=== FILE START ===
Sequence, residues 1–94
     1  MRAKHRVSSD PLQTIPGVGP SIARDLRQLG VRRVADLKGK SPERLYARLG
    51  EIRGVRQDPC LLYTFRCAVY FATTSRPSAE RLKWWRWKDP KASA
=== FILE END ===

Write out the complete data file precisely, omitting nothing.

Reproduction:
Sequence, residues 1–94
     1  MRAKHRVSSD PLQTIPGVGP SIARDLRQLG VRRVADLKGK SPERLYARLG
    51  EIRGVRQDPC LLYTFRCAVY FATTSRPSAE RLKWWRWKDP KASA